Burning Intentions 2019

I’m on the road to Burning Man, and according to tradition I’m sharing my intentions to amplify them. This year I’m doing something I’ve never done before: I’m taking an art installation! The project, Varanasi Sage, has consumed much of my waking life over the past few months, and I’ve gladly given that time. It has been a true challenge and learning experience, but it has also given my life more meaning and purpose. Plus, it helped me finish my first booklet! It’s already been a rewarding experience to create this art, and I’m looking forward to showing it off! I’ll also be giving away a limited number of my booklets as part of the installation.

Without further ado, my Burning Intentions:

    Put my art into the hands of hearts who will love it
    Face challenges with grace and ease, trusting my experiences
    Connect with other artists in a meaningful way
    Deepen into a gratitude practice

If you’re on the playa this year, I’m teaching my workshop Meditation & Writing MWF 10-11am at my camp Namaste & Chill located at 6:15 & D. I would love to see you there!


Burning Intentions 2018

It’s time for Burning Man! The past two years, I’ve shared my intentions for the experience because writing intentions and having a witness strengthens their power. This post makes the third. Thank you for being my witness.

This year, I’m taking a new project — a meditation and lounge space I’ve been dreaming of for several years and fundraising for with many collaborators. May the Lounge be a sacred space of healing and connection; may it bring all who enter deeper into wholeness and unity.

I’m teaching my workshop, “Meditation and Writing,” three times this year: Monday, Wednesday and Friday 3-4 pm at Stellar Dusty Moon 5:30 & H (in the Lounge!). May the workshop serve us in the unique way that we need for our paths; may it provide us with insight, peace, and grounding.

My favorite part of Burning Man is the art — may I meet the artists and have profound experiences with the art.

May the workshops I attend guide me in my journey and connect me with others. May I see the heart of the earth in everyone I meet!

The Inside Joke

After a full day building camp, several friends formed a group to go out. Of course I wanted to join! I grabbed my necessities (headlamp, toilet paper, goggles, emergency champagne) and hopped on my bike. As we turned onto the esplanade, art installations rose from the dust as far as I could see. I lagged to catch glimpses of them as we passed. Art or friends? Art or friends? Curiosity pulled at me. 
And then — we approached a pier. 
Group mission be damned! This was the emptiest the playa would be for the rest of the week, and soon the pier would be crammed with tourists.
I stopped and put my feet onto the dust. I pulled the scarf off my mouth and called to my friends: “Guys! I’m stopping to look at art!” Either they didn’t hear me or didn’t care.
Except for Kitten, my faithful companion.
“I can’t keep passing art installations. It’s our first night out,” I looked towards our group; they had already blended in with the other blinking lights.
“We have all week to find music, but we only have a week to look at art,” Kitten dismounted his bike.
We stepped onto the pier. Nets and ropes hung between posts, hammocks swayed beneath the boardwalk. A long string of lights romanced me. I hooked my arm into Kitten’s.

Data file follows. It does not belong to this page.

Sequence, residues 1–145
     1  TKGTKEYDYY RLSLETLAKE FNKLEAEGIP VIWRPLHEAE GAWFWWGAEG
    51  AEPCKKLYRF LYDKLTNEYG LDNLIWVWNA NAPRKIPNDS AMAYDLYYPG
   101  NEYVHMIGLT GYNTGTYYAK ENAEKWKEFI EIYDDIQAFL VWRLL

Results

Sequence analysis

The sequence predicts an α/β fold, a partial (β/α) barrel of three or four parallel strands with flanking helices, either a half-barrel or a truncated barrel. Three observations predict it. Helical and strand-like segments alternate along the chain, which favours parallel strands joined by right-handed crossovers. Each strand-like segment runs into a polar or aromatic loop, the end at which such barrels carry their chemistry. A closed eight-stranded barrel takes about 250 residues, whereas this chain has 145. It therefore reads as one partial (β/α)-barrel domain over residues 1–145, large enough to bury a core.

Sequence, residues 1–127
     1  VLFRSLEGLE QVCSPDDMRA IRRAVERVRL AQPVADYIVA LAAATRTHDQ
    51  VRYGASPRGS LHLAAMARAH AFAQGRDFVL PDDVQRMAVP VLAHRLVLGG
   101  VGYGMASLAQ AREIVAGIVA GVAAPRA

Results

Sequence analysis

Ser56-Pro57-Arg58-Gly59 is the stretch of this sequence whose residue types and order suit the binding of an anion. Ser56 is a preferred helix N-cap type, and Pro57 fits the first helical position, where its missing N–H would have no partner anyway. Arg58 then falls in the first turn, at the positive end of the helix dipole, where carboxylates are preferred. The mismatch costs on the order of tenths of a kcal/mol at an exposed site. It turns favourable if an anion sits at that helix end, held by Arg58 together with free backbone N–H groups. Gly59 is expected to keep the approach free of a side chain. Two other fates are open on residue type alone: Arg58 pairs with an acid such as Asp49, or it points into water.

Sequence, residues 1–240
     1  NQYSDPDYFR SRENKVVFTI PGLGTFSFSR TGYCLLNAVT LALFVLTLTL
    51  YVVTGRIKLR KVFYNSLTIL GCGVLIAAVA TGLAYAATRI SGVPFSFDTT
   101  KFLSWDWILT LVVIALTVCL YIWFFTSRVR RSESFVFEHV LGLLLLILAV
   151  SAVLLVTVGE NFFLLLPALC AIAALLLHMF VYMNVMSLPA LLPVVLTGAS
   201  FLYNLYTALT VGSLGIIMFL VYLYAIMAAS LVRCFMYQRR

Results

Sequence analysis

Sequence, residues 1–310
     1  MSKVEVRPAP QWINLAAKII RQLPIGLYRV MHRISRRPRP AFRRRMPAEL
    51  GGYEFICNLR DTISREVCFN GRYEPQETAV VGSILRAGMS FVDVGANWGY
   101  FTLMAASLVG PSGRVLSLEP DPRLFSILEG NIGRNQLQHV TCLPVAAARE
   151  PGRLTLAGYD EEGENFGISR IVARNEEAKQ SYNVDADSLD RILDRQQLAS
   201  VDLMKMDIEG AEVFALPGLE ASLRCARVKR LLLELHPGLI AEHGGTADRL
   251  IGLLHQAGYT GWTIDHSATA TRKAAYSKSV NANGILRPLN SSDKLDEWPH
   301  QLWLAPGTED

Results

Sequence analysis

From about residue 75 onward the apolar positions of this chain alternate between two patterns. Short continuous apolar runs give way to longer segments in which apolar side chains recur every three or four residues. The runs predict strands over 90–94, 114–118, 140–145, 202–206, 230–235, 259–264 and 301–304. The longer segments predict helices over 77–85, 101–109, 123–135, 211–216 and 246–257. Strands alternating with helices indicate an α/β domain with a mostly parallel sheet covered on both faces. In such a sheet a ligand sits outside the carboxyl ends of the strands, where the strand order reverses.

The boards creaked under our footsteps — just like the old boardwalks I’ve wandered along in seaside towns. And for a moment, when I relaxed my eyes and looked up, it felt like we were at the sea. But looking down, seeing the dry lake bed below us, I thought of the sheer genius and manpower it must have taken to build this dock — from the concept to the design to bringing the materials and assembling them in the middle of nowhere without basic amenities like running water. 
We arrived at the midway tower. We leaned in to view its inner intricacies. Some people were gathered on the upper level; I’d be willing to bet they were drinking whiskey.
“Want to go up?” Kitten asked.
“Not particularly.” I felt content looking inside the tower at the details that made it seem more like a relic than a modern piece of art. It gave me a sense of nostalgia for a time I knew only in turn-of-the-century novels. Antique photographs, compasses, hourglasses, bound books, and glass bottles — in all colors, sizes and shapes — the scene piqued my curiosity to touch and pick up the items. Every detail existed for exploration, a mystery to be revealed, a reverie in which to lose oneself. It was a living, breathing piece of art that transported us to a different time and place. The curiosity, the wonder of it all, put me back into the frame of mind of a child: everything was new and strange and deeply interesting.
On the other side of the tower, we found an antique desk — the kind in which the door to the main compartment folds down to become the writing surface. My literary heart skipped a beat. 
“And what could be inside?” My curiosity whispered with glee. 
When I opened it, I found the cubbies, that once may have organized papers and mail, were filled with antique glass bottles. How odd. I touched a few, pulling them out of the compartments and examining their details, trying to understand their riddle. And then — I found one that contained a piece of paper.
“A message in a bottle!” I gasped. I lifted it with awe. The bottle’s long, skinny neck was jagged at the top. “What kind of message do you think it is? Profound wisdom?” 
Kitten shrugged.